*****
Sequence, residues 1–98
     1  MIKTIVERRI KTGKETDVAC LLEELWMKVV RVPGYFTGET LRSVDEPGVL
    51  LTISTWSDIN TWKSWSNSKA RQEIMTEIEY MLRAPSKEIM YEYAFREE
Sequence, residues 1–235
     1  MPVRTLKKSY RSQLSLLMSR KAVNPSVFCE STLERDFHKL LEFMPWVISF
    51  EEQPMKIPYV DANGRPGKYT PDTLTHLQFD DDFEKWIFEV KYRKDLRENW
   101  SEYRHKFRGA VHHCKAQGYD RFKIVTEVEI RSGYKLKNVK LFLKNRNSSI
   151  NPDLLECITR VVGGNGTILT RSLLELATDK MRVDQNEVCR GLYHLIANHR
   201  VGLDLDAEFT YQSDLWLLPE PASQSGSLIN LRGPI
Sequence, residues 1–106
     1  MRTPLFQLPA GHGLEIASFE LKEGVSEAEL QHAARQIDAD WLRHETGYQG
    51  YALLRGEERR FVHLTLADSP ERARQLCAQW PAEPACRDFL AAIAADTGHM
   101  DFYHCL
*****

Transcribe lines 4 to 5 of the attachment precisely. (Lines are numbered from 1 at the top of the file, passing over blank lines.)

Sequence, residues 1–235
     1  MPVRTLKKSY RSQLSLLMSR KAVNPSVFCE STLERDFHKL LEFMPWVISF